Maori Affairs Minister Te Ururoa Flavell is forging ahead with controversial reforms to Maori land law despite calls for further consultation on it.

The bill was due to be introduced last month, but a Waitangi Tribunal report released in March found the Crown would be in breach of Treaty principles if the law was changed against Maori wishes and further consultation was needed to ensure well-informed support from Maori.

Mr Flavell introduced the Te Ture Whenua Maori Bill to Parliament today, saying he believed that since the Waitangi Tribunal's hearings many of its concerns had been addressed through further changes to the legislation and rounds of hui.

Mr Flavell said many areas with significant Maori land, such as the Far North and East Coast, were crying out for more jobs and a reason for Maori to return to their lands and the bill would help that happen.


Labour's Ikaroa-Rawhiti MP Meka Whaitiri said Mr Flavell would have to show he had met the Waitangi Tribunal's criteria including proving he had broad support and providing evidence on what the barriers were for the utilisation of Maori land.

"If the Minister tries to back out of adopting the Tribunal's recommendations, he will have to face the consequences from Maori landowners and leadership groups who are growing increasingly weary and sceptical of this entire reform process."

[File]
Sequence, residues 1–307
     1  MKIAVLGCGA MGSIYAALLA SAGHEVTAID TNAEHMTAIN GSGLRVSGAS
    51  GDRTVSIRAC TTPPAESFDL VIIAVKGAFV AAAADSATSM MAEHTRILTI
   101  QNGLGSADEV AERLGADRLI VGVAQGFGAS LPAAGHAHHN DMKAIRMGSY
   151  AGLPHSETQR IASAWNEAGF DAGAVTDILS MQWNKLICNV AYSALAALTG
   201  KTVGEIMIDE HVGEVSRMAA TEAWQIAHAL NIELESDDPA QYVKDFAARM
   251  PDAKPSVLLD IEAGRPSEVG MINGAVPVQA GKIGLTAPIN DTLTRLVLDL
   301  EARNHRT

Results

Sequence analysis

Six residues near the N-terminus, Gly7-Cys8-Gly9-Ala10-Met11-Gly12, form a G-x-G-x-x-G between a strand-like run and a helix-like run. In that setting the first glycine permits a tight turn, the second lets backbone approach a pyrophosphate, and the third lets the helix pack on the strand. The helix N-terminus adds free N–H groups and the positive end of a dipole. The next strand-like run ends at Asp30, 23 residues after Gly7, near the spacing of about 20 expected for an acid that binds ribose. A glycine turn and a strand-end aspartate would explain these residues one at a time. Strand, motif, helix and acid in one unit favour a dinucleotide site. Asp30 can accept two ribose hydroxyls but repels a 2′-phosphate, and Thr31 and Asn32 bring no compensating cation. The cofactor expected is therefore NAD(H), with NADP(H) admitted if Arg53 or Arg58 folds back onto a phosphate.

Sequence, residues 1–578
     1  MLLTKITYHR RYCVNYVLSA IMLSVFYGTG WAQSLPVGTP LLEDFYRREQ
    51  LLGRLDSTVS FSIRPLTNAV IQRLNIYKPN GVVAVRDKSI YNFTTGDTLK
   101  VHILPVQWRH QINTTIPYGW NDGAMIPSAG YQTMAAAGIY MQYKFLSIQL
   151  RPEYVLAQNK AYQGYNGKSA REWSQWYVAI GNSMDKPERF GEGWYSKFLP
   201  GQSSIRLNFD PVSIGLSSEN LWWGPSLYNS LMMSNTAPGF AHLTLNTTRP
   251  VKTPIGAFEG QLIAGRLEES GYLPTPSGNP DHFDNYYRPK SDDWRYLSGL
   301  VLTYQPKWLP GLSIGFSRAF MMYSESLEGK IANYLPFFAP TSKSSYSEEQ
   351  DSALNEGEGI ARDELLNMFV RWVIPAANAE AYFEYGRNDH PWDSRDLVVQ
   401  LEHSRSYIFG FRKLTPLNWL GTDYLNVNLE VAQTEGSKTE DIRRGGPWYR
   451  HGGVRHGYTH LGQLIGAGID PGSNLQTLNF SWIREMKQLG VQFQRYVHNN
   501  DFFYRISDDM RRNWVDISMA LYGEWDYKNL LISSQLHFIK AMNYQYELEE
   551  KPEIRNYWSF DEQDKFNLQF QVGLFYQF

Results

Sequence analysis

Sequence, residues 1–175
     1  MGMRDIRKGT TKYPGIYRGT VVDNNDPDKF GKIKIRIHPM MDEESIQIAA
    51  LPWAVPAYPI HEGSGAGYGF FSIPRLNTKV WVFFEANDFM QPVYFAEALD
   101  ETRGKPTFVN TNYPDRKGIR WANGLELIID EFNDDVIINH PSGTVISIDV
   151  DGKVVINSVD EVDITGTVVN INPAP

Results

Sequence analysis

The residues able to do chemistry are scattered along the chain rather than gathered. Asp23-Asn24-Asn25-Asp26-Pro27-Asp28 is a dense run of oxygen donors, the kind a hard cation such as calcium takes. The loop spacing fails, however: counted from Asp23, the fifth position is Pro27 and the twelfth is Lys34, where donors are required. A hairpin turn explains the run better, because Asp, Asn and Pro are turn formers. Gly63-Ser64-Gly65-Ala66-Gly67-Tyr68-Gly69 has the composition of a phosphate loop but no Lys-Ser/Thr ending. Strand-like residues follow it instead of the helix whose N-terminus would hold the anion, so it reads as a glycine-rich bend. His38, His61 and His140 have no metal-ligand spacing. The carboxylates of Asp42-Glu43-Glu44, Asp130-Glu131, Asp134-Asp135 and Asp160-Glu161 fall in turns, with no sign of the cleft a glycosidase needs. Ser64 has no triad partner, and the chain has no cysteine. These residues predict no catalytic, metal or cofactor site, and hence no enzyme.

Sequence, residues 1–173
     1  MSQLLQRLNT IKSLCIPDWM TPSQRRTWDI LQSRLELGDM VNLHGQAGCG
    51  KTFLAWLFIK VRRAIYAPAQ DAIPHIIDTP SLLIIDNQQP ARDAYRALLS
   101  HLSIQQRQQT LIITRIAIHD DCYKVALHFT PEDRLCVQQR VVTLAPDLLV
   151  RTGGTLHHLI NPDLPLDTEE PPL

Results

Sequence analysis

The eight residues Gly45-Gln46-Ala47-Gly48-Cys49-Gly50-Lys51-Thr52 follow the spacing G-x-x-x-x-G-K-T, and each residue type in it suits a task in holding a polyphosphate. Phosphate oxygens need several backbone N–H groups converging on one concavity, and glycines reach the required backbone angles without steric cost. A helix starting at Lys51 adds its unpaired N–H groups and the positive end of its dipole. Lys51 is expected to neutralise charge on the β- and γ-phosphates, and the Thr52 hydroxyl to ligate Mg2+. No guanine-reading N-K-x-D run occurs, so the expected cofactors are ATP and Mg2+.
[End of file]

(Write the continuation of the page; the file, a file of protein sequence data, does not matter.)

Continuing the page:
Mr Flavell said no other bill in living memory had such a lengthy consultation process. Since the Waitangi Tribunal report he had consulted with landowners, the Federation of Maori Authorities, Maori trusts, iwi leaders, and other groups on the changes and believed there was broad-based support for it. He said there had been calls since 1998, soon after the Te Ture Whenua Act was put in place, for Maori to have more autonomy over their own land and for it to be better protected.

Mr Flavell had already taken the rare step of releasing two drafts of the bill for consultation and said between 200 and 300 changes had been made on the basis of that. The select committee process would provide a chance for further submissions.

The bill has had a protracted process since it was announced following a 2012 review of the existing Te Ture Whenua Act 1993. It is aimed at ensuring more of the 1.4 million hectares of Maori land can be used productively by the landowners. It gives those landowners powers to make decisions on the land use themselves rather than having to go through the Maori Land Court.

A review of Maori land estimated about one third was currently unused and improving that could increase the contribution of Maori land from $2.7 billion a year to $4.6 billion.

In January Mr Flavell took the rare step of releasing a draft version of the bill for feedback after making several changes to the original proposal. That included removing a controversial provision which would allow the Maori Land Service to appoint a "kaiwhakarite" to manage Maori land which was not being used by landowners. It also sought to put in place stronger safeguards to ensure Maori land remained freehold. He also set a further round of hui for consultation.

Mr Flavell said work was under way on other issues affecting Maori land, such as landlocked land, paper roads and compulsory acquisition under the Public Works Act.